Authorities have begun to unbundle assets from regulator, establishing the new PNG DataCo in February 2014 to hold the fibre-optic cable assets of PNG Telikom. The same month, Prime Minister O’Neill announced plans to sell a 50% stake in Air Niugini to raise PGK500m ($203.3m) to finance the purchase of two new Boeing 787 planes and for sales of minority stakes in PNG Power and PNG Telikom later. In parallel, the ADB has also worked on guidelines for SOEs’ community service obligation as part of the reform, although these are still pending in 2014. Indeed, despite their economic weight, the quality of services delivered by SOEs remains poor, with only 12% of households and 15% of schools connected to grid electricity in 2013, according to the IMF.
Corporatising the SOEs is an integral part of broader efforts to attract private investment and competition in infrastructure via public-private partnerships (PPPs) and enhance growth. The government estimates that the introduction of competition in telecoms boosted growth by 2.5 percentage points in the three years following Digicel’s entry in 2007, according to ANZ. The ADB and IFC have provided technical assistance in developing the PPP policy issued in December 2008, with particular focus on transport and power infrastructure. A draft PPP bill was approved by the Cabinet in mid-2013 and presented to Parliament in May 2014. The ADB and IFC are ready to extend guarantees for up to 50% of debt for such projects.
While any project over $50m could qualify for a PPP structure, the government has focused on the planned PGK2bn ($813m) Ramu 2 power plant and upgrades to Port Moresby’s power generation. Also in power, the ADB has highlighted potential PPPs including the $100m 80-MW Naoro-Brown hydropower project and the 1800-MW Purari hydropower system.
In transport, the pipeline of projects includes two phases of concessions for the Lae container port, a concession for Port Moresby’s container port, and the $500m terminal and airside development of Port Moresby’s Jackson International Airport. Development partners see the greatest potential in the Lae port given that it could act as a regional trans-shipment centre, although the concessioning of shipping franchises for passenger and cargo transport are also envisaged. In the longer run, the government hopes to attract PGK250m ($101.6m) in private financing for building and rehabilitating schools and health clinics.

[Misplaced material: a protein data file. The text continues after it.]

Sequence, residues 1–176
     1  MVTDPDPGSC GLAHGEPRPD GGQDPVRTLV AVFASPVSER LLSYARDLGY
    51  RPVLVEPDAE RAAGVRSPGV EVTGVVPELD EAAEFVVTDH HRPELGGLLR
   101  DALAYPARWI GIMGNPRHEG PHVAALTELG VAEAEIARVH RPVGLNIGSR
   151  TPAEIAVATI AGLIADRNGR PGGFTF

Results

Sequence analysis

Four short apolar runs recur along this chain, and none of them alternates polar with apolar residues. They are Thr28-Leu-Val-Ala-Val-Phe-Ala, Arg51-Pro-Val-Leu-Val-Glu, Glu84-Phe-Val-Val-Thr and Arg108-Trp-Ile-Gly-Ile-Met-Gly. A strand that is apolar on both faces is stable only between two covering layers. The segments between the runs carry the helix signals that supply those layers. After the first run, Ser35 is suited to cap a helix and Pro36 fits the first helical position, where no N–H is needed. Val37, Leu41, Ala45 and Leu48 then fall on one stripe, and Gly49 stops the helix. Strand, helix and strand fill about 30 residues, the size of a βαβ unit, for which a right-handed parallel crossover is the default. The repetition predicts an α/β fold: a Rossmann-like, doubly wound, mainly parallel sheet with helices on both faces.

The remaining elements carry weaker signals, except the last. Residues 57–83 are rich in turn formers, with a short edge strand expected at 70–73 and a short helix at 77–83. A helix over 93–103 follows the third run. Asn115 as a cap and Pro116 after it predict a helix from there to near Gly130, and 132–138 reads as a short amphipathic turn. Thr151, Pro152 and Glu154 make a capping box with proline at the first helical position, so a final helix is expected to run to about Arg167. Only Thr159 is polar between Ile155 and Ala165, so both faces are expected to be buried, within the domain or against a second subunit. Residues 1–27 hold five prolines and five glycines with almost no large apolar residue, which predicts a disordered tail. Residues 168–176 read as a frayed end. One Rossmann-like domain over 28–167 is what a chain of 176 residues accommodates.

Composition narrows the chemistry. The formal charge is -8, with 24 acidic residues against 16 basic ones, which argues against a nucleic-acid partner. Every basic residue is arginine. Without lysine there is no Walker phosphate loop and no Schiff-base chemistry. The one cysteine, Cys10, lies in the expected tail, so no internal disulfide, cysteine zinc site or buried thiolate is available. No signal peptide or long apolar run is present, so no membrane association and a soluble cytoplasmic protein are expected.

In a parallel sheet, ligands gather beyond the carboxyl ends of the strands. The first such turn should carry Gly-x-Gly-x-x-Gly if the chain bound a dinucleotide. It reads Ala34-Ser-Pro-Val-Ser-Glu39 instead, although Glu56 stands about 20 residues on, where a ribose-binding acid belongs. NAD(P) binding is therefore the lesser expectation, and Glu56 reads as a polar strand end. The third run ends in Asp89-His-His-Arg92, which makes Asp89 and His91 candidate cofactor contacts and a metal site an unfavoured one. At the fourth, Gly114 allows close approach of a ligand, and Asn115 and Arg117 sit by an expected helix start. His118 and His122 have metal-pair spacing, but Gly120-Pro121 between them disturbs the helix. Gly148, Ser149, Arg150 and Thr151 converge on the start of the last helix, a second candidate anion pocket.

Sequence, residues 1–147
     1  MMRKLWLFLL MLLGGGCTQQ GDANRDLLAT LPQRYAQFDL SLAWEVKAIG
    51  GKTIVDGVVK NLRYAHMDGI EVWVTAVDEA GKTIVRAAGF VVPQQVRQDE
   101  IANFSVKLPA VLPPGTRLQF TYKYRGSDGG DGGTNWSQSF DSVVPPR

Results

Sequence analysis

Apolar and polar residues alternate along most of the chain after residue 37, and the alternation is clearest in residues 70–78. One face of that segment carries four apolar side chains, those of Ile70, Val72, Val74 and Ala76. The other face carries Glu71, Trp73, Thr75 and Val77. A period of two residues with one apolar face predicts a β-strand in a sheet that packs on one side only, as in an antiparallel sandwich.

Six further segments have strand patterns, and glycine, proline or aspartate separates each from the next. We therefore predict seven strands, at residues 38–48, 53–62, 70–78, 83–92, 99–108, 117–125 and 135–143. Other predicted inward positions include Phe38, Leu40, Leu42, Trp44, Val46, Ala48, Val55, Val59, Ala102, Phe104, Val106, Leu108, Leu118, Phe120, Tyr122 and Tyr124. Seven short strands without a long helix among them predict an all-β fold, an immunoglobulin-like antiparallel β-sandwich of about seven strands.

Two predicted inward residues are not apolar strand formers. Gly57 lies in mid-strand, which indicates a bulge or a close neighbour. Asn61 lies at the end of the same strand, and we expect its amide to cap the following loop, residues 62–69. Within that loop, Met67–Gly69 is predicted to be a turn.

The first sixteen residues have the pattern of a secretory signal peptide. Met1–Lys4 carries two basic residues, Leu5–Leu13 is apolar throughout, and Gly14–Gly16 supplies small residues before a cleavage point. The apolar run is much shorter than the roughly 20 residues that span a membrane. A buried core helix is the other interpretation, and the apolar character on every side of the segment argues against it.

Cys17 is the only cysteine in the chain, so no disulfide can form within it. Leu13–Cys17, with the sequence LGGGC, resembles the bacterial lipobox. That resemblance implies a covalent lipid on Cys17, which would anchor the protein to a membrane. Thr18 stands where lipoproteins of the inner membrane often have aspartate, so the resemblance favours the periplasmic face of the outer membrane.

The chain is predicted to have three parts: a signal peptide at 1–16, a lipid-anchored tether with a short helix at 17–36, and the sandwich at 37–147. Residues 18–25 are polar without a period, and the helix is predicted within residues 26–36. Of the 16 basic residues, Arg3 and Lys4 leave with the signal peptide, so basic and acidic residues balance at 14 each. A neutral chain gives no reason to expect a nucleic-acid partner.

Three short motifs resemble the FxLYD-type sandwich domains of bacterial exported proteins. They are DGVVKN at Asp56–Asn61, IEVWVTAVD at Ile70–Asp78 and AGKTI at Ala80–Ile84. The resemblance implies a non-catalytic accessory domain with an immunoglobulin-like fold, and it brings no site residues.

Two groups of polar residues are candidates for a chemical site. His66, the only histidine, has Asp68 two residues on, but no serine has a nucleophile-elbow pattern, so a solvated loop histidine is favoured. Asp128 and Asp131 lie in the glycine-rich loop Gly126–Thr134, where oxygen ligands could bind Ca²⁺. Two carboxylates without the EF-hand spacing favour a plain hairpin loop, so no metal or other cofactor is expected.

In 2014 PNG’s economy is navigating the lull period following a decade of rapid economic expansion and on the cusp of a resource-led boom. As authorities seek to channel investment to infrastructure upgrades to sustain growth and create the foundations for broader-based economic development, the priority will be to improve the quality and effectiveness of spending. Meanwhile, both fiscal and monetary authorities are focusing on establishing the instruments required to manage the large foreign-currency inflows from the ramp-up of LNG exports. Stimulating the non-mineral sectors, whose natural longer-term growth trend sits at around 4.5% annually, according to the IMF, will require significant private investment in production and infrastructure. While attracting private investment will depend on successful implementation of public-sector reform, the government will need to strike a balance between conducive investment policies and the need to protect domestic enterprise.